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Roleplay Standards [Last Updated: 27th of January 2018]

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Dec 30, 2010
Texas, USA.


Roleplay Standards

Also check:
Server Rules
Forum Rules
Teamspeak Rules
Robbery/Scam Rules
Gang Rules
House & Business Customisation Rules
Under 16 Roleplay Rules

Welcome to Red County Roleplay! Before joining the server, the administration team would like to inform everyone on our Roleplay standards. We would like everyone to have a fun and fair roleplay experience during their stay on RC-RP, therefore we have written a couple of general arrangements.


RoleplayIn short, it's acting as if your character was a person in real life. Before you start playing, think of who you want your character to look like, and ask yourself a few questions: Do you want to roleplay as a male or female? How old do you want to be? Do you want to be American, Russian, or maybe Chinese? Do you want to keep yourself fully legal, or face the possible consequences and go illegal? Design your character in any way you want to. Also remember that you can't change your race in real life - for example, if your character is black, you may not suddenly begin roleplaying as a white person

/me and /do:

/me is used to describe any actions your character may perform, ranging from simply winking towards someone, through spinning a key in the car's ignition, to stabbing a person with a switchblade.

/me raises his left hand above his head, indicating the crowd that he wants to say something.
This will appear in the chat as:[/color]
John Smith raises his left hand above his head, indicating the crowd that he wants to say something.

/do is used to describe or explain something that cannot be described with a /me, for example what clothes you're wearing, the fact that there's a pistol laying on the backseat of your car, or that a window in someone's house is broken (of course only if that really has happened).

/do There are two security cameras attached to the ceiling of the gas station, aimed at the pumps.
This will appear in the chat as:

There are two security cameras attached to the ceiling of the gas station, aimed at the pumps. ((John Smith))

There's a very large chance that you might interact with another player during your stay on the server. /me and /do are always used to describe actions other than communicating with each other. So it might happen that someone will start a fight with you, for whatever logical reason.

In this particular situation, Earl is attacking William, and is using a /me to describe his action:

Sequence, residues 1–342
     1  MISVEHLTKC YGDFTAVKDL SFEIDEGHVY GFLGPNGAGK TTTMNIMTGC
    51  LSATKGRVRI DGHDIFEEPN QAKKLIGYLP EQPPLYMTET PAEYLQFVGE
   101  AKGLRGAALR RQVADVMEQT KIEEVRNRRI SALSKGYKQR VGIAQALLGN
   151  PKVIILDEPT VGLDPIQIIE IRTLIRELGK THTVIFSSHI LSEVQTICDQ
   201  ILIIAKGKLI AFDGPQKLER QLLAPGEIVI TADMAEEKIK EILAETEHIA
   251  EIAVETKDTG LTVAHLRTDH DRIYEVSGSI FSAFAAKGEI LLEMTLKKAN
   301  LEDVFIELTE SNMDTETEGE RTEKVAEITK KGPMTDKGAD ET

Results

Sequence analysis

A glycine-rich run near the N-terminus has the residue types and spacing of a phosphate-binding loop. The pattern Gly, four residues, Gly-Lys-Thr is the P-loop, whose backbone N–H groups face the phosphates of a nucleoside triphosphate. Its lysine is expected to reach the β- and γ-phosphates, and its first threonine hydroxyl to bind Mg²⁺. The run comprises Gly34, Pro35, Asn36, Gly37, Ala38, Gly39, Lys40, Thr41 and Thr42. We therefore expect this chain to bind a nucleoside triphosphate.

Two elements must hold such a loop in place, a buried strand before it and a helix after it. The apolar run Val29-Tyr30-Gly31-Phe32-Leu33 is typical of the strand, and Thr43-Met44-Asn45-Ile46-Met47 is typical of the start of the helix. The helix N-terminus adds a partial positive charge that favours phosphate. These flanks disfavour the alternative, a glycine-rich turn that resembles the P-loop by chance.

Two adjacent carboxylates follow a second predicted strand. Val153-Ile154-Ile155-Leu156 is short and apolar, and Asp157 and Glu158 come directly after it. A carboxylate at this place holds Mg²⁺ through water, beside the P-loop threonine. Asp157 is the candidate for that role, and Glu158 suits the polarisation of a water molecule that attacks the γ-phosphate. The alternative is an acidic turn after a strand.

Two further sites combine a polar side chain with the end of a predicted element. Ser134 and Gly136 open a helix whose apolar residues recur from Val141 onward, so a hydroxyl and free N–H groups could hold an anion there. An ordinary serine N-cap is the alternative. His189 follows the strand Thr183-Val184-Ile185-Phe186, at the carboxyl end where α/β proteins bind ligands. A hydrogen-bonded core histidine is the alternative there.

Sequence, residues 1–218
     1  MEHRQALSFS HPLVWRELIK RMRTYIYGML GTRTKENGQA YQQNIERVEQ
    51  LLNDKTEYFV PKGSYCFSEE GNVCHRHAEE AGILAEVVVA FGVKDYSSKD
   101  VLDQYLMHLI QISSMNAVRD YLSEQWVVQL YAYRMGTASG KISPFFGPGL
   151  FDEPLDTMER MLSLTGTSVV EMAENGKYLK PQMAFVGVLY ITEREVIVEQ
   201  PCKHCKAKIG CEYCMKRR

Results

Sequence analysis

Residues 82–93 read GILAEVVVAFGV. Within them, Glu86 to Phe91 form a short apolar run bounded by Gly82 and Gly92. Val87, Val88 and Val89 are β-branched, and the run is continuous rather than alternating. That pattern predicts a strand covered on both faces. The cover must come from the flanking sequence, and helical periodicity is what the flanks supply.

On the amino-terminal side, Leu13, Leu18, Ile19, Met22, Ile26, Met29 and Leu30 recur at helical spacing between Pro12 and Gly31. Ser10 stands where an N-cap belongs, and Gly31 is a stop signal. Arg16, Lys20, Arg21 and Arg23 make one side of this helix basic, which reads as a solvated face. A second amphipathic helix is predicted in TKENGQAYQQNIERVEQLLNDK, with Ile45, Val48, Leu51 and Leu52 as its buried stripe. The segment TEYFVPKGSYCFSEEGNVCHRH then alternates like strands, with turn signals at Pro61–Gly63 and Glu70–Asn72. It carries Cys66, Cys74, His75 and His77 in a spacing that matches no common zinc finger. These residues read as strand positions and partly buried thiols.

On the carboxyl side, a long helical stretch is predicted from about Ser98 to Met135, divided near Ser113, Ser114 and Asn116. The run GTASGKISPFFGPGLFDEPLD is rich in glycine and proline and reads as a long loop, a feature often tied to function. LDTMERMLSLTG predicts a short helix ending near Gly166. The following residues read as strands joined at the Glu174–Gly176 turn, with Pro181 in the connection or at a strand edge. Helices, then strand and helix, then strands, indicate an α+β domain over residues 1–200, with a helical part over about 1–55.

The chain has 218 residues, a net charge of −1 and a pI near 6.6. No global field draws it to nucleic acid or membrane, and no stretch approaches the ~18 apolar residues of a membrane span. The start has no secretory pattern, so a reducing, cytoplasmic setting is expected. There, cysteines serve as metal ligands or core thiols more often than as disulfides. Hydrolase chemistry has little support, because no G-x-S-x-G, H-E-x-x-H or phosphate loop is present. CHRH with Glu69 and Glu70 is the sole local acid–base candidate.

Earl Williams launches his fist towards William's face in an attempt to knock him out.

Remember that we would like all players to roleplay in a fair and fun manner. This means that we embrace people who do not roleplay-to-win, as we call it. This means that players will undergo every possible way to avoid losing a situation, which usually ends up in them Powergaming, but we'll get to that later.

In this situation, William is surprised that he suddenly got attacked by Earl, so in all fairness, roleplays he gets hit and admits his "defeat". In our eyes, nothing is a win or a defeat of course, we're just playing along in the fairness of the situation.

William Silver gets surprised by the sudden blow and stumbles backwards, eventually falling down onto the ground, unconscious.

William now has the chance to describe his current situation, in which he will use /do.

His body would be laying on the pavement, seemingly lifeless, with his eyes closed. (William Silver).

Now Earl decides to leave the scene, people are gathering around William and are calling an Ambulance to give him medical assistance.


In short, it's using the powers of your character on any other player without giving him a chance to resist, or decide the outcome of your actions. Performing unrealistic, super-human actions also falls under Powergaming. At first, this may be hard to understand, but after a little bit of practice you'll get a hold of it. Basically, if you want to do any action against another player in which he might want to resist, you have to start it, but letting the other person decide how it ends, using the /me and /do commands, like we already mentioned above briefly.

You're somewhere with an afro-american and you're a white male - also you're a racist ICly. The afro-american taunts you, and you decide to attack him. The afro-american realizes that before you make a move and does: